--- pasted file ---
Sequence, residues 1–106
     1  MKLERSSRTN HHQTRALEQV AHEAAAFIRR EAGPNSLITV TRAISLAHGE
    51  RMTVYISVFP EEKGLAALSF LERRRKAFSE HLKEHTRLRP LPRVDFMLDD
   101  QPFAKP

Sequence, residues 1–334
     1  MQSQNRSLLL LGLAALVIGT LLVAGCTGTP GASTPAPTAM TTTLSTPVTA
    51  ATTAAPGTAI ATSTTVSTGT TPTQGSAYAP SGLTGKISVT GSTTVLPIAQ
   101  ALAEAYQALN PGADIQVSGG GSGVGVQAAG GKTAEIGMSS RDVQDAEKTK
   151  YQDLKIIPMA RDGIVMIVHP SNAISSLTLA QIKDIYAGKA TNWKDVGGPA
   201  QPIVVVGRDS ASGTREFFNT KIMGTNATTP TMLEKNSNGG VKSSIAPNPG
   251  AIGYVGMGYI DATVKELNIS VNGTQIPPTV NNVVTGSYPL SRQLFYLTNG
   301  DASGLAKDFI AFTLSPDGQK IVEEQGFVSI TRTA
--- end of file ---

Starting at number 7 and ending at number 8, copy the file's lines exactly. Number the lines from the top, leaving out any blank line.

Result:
    51  ATTAAPGTAI ATSTTVSTGT TPTQGSAYAP SGLTGKISVT GSTTVLPIAQ
   101  ALAEAYQALN PGADIQVSGG GSGVGVQAAG GKTAEIGMSS RDVQDAEKTK